Top 5 Early Season Walleye Presentations

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Top 5 Walleye Presentations

Pete and Ang have fished Walleye pretty much across the country. They’ve fished from opening day to closing day and everything in between. Throughout those times they’ve come across some basic and advanced Walleye presentations.

The following is a list to hopefully help you along in that “post-spawn to early summer” phase.

In no particular order, here are Ang and Pete’s Top 5 Early Season Walleye Presentations


The staple walleye presentation of the north country, a jig and minnow

Depending on where you live, your environment means a lot here. If you are a northerner, then your early season water temperatures can still be cold from a late ice-out. That makes a difference. If you’re from a southern area, your waters could be well above normal temps due to a warm spring. Keeping water temperatures in mind is how we chose a live bait to tip on a jig.

First off the jig. This is more of a personal choice and we have no qualms about that. However, a stand-up jig head is a wise choice, especially if the fish have been pressured. Picture a worm, minnow or leech lying on a silty bottom vs. swimming tail-up inches off of the bottom. It can make a huge difference.

Jig sizes are warranted by conditions. Shallow water with little wind means a 1/8 ounce max jig is in order. Nice, light and subtle.

A good all-around site is a 1/4, carry lots of these just in case.

1/2 ounce is great for water deeper than 15 feet with a decent wind blowing. Remember you need to be in control of your presentation which means “FEEL”.

We’ve even gone to 3/4 and 1-ounce jigs when fishing rivers with strong currents (like the Detroit River at Windsor).

As for jig colours, have chartreuse, white, black, white/pink and even unpainted jigs in your box. Experiment, that’s what we do.

Now for the live bait portion.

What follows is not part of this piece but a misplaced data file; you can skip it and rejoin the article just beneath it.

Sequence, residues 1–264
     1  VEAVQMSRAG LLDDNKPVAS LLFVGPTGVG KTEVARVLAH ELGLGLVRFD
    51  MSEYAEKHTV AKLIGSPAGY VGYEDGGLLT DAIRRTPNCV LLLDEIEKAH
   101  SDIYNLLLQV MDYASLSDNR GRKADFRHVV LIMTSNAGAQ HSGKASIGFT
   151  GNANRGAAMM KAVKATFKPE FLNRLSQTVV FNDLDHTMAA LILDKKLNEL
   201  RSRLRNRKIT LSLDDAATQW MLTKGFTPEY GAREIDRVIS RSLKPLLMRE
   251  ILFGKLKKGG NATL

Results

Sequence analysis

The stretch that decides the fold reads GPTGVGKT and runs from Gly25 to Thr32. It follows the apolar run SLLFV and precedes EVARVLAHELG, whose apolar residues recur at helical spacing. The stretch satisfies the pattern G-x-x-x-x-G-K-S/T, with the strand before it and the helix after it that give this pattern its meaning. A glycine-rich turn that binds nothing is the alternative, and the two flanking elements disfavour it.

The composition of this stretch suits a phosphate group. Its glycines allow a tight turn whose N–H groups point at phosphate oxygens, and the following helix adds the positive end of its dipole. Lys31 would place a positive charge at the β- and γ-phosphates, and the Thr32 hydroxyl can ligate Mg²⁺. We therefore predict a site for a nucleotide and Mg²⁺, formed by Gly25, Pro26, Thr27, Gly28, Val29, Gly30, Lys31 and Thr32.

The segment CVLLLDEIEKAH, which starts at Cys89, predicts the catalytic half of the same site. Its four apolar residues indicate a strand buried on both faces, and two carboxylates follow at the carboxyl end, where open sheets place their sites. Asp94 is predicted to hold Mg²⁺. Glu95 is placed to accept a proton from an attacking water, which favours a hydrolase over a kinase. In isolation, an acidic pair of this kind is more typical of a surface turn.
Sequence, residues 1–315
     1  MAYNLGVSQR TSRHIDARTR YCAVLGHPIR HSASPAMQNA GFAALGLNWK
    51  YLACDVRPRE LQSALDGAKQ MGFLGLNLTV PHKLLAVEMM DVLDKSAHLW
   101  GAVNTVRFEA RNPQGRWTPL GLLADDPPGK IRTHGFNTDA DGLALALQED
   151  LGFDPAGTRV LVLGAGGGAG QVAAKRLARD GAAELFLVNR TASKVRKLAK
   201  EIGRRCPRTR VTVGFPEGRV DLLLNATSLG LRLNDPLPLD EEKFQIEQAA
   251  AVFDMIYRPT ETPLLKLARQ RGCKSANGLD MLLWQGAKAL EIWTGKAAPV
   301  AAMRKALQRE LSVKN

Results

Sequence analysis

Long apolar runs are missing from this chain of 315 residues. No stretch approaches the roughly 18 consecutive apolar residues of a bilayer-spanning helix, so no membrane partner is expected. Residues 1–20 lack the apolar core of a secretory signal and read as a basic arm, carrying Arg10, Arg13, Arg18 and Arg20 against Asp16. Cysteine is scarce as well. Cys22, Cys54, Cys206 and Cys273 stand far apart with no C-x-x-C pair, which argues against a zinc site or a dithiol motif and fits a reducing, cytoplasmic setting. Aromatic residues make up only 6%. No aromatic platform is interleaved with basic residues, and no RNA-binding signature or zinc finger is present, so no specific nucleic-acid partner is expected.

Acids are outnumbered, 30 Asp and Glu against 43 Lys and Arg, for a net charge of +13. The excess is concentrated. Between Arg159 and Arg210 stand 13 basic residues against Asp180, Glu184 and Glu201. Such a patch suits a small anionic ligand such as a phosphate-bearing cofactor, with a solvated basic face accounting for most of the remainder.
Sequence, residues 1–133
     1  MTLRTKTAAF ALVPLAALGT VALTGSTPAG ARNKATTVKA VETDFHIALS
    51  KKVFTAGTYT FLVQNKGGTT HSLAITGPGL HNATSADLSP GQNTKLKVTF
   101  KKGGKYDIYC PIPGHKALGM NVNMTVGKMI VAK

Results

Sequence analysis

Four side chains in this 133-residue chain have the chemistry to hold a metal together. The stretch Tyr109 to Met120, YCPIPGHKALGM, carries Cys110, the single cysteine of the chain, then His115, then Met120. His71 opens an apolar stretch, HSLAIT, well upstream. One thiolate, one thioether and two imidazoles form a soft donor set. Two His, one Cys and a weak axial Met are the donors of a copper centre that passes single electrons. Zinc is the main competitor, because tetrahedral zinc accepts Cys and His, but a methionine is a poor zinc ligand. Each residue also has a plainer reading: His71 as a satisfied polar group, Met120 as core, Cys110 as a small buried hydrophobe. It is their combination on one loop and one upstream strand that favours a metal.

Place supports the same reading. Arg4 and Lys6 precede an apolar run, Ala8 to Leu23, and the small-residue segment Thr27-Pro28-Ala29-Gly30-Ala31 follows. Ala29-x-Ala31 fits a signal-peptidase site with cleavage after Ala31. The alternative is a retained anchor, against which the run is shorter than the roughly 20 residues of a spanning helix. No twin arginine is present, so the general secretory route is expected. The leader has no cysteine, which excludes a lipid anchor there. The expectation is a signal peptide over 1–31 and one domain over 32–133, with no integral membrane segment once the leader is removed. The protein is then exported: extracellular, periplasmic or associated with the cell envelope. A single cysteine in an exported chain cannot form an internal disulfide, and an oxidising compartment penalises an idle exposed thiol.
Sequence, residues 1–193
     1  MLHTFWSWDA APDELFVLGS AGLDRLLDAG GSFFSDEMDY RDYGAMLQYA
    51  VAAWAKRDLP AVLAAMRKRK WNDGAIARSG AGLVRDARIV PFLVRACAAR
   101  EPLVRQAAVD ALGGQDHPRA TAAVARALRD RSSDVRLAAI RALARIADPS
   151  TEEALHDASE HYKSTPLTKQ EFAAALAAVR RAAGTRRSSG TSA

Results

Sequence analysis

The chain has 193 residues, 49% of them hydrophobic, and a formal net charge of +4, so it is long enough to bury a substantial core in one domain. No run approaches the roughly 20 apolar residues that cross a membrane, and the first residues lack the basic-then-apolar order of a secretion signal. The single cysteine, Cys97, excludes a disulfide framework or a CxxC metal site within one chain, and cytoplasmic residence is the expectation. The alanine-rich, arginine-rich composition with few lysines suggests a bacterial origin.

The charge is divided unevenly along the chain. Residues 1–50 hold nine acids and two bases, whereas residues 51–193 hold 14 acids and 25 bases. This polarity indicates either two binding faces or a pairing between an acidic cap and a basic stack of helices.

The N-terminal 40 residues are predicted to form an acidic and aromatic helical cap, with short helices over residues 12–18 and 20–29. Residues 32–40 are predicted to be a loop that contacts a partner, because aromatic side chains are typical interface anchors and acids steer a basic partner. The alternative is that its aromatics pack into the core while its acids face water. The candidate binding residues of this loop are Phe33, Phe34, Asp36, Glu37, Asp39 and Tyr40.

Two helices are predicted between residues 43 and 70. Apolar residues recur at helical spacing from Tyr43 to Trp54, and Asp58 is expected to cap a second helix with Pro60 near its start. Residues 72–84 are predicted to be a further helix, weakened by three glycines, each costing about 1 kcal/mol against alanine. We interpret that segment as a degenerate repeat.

In cold water, let’s say under 60 degrees F, we love using minnows. Worms will work but we find minnows better at that time. Leeches curl and ball up in the cold water and it doesn’t look natural to us (maybe the fish don’t care but we do… we know it sounds silly but…).

Once the water is over 60 however, bring on the worms and leeches. You can use either part of or the entire worm, up to you and how many perch are nagging you. Obviously use a whole leech hooked once through the sucker.

The good ol’ jig & live bait may just be the most popular Walleye presentation of all time


The tried and true worm harness… so deadly at times that you’d wonder if it should be legal

What a killer of a Walleye presentation this is. Used either with various sized sinkers or with a bottom bouncer, a worm harness is a hard presentation to beat.

We like a 2-hook harness in where we nose hook the worm on the front and then body hook the worm with the rear hook, leaving the back half to dangle. As long as the early season perch aren’t around, this presentation is the bomb!

Colorado or Indiana style blades are the norm here however if you really need to slow down, try a Hatchet style of blade (seen in the image). They turn at ridiculously slow speeds.

Silver blades in the sun, gold in the overcast and chartreuse, orange, pink, purple etc when all else fails.


Rip a bucktail jig right through the weeds

If you’re a rip-jigger then bucktails are a staple for you. For those of you who don’t know what we are talking about, Walleye anglers who fish a lot of weedy lakes use a technique known as rip-jigging. It is definitely classed as the most physically exerting Walleye presentation on this list.

To do this effectively you need to cast bucktail jigs directly into weed beds, and pop or rip the jig back in violent jerks through the weeds. Give the bucktail a couple of seconds to allow it to rest on the bottom after every rip. Once it’s clear of weeds, fire it right back into the thick of things.

It sounds bizarre but it works.